High Impact Publications 2021-30
An empowerment-based cognitive behavioral therapy for persons with mild cognitive impairment and insomnia: Protocol for a mixed-method pilot study
Journal of Advanced Nursing. 77(4): 2054–2063. 2021
Li P.W.C.*, Yu D.S.F., Wong C.W.Y.
This study aims to examine the feasibility and effects of an empowerment-based cognitive behavioural therapy for insomnia on sleep, cognitive outcomes, and health-related quality of life in persons with mild cognitive impairment and insomnia.
This mixed-methods study comprises a pilot randomized controlled trial and an exploratory qualitative study.
A total of 60 community-dwelling patients aged ≥50 years with mild cognitive impairment and self-reported sleep complaints will be recruited from the community centres for older people operated by two non-governmental organizations in Hong Kong. The participants will be randomly allocated to intervention or control groups, which will receive the empowerment-based cognitive behavioural therapy for insomnia and usual care respectively. We hypothesize that the cognitive behavioural therapy for insomnia intervention featuring an empowerment-based approach can improve sleep and cognitive function among patients with mild cognitive impairment. A subsample of 10 participants from the intervention group will be invited to take part in a qualitative interview to obtain more in-depth comments about the feasibility and acceptability of the intervention. Ethical approval was obtained on 2 November 2020. This study is supported by the Seed Fund for Basic Research from the University of Hong Kong on 4 September 2020.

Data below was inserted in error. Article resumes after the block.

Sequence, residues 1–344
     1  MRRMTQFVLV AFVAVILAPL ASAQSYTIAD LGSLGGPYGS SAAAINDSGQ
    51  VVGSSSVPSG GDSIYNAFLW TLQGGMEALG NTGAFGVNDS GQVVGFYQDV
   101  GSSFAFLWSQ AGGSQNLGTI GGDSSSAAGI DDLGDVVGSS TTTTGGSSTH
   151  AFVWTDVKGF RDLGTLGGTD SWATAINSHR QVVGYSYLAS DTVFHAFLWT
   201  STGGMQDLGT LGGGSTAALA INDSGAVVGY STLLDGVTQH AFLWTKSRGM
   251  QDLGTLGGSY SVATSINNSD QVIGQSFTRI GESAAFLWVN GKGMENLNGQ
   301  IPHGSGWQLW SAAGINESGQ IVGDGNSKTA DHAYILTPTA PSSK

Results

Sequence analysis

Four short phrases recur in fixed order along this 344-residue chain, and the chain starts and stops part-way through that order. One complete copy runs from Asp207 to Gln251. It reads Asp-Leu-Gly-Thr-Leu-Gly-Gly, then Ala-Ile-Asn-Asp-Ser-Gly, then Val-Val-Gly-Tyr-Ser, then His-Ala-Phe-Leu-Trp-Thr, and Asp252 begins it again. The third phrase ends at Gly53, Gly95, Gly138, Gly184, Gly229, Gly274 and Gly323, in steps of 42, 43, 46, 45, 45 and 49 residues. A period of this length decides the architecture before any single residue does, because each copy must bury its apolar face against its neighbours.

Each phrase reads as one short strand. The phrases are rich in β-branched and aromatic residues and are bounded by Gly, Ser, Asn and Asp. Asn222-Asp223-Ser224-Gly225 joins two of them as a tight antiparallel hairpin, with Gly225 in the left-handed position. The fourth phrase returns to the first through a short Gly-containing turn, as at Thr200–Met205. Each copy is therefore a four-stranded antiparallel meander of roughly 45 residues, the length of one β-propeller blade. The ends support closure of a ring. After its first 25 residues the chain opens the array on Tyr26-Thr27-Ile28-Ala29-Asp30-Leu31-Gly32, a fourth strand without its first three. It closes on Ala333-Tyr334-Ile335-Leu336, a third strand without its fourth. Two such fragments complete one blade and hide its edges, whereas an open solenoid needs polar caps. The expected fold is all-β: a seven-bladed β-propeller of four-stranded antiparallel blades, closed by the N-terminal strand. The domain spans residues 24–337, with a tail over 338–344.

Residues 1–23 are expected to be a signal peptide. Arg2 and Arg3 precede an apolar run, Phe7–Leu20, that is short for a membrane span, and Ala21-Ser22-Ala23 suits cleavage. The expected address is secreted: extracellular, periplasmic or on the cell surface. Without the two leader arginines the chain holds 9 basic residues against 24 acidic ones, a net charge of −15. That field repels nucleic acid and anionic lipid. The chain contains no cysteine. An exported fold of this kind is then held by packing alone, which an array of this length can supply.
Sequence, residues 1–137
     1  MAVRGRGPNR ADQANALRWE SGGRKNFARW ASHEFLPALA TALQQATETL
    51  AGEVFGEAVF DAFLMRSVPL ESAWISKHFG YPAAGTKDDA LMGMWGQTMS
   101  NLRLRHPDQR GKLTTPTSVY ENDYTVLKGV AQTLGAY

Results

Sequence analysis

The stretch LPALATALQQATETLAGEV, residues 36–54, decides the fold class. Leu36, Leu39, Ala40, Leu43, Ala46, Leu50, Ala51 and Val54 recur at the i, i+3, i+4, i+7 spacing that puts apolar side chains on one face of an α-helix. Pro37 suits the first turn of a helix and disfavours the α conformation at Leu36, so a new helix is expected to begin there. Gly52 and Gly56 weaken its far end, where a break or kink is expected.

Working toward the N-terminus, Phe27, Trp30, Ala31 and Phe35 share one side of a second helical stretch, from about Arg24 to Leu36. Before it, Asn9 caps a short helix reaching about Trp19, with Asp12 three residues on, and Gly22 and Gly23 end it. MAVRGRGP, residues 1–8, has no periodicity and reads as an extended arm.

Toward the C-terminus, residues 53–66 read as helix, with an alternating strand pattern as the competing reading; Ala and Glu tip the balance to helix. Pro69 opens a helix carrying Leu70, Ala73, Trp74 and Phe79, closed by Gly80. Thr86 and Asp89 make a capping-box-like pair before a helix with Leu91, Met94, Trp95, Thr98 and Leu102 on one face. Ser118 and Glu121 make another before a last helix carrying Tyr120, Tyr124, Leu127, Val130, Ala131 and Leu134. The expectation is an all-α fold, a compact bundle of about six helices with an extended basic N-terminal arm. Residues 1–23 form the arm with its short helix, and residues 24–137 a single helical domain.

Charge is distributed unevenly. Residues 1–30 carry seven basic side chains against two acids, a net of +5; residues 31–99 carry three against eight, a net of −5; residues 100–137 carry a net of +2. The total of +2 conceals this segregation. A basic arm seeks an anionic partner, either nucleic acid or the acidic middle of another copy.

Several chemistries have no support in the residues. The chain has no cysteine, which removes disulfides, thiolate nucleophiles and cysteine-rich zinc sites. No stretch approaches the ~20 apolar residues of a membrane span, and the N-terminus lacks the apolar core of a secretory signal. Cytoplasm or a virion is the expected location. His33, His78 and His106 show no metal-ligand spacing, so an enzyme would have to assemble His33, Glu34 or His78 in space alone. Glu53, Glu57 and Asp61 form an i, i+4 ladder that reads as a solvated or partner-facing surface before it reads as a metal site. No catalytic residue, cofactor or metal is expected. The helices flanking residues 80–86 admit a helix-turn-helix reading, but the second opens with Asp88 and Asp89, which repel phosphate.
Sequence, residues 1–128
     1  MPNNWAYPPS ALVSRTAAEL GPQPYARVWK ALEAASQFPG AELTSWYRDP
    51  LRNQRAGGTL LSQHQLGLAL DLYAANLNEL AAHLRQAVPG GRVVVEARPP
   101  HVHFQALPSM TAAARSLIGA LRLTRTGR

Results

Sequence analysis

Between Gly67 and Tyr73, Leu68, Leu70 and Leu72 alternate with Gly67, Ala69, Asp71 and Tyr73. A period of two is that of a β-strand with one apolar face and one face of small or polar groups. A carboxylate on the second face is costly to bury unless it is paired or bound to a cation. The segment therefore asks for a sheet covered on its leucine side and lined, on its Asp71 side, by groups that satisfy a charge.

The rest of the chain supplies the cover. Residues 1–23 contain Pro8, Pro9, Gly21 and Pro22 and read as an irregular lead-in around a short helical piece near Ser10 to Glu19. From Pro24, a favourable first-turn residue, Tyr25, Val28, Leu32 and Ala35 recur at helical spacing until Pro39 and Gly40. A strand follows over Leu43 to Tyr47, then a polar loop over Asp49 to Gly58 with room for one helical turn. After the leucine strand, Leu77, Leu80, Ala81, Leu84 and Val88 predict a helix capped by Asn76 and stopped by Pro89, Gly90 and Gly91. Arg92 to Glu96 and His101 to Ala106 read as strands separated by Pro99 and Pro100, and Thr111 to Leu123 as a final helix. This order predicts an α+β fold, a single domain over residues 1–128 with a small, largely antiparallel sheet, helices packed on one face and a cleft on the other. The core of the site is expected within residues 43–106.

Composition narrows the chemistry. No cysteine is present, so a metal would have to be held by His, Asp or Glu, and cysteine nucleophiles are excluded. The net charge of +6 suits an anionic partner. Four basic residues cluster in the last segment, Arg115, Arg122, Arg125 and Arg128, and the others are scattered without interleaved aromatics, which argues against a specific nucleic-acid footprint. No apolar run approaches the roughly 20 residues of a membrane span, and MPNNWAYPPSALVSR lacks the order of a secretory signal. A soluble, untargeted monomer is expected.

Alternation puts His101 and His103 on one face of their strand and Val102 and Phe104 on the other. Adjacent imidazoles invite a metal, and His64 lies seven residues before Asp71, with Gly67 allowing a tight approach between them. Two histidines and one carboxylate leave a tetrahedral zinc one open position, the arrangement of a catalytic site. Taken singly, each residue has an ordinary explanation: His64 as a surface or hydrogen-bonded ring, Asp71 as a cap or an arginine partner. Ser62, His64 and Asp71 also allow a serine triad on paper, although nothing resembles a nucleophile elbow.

This study will address a neglected risk factor for cognitive decline in persons with mild cognitive impairment. The theoretical integration of empowerment and cognitive model of behavioural changes may inform a wider and more successful application of cognitive behavioural therapy techniques for people with compromised cognitive ability and insomnia.
This study will also advance our knowledge on the role of sleep on persons with mild cognitive impairment and generate relevant empirical evidence to inform the care of this vulnerable cohort to affect a worldwide reduction in social, economic and healthcare burdens associated with cognitive impairment.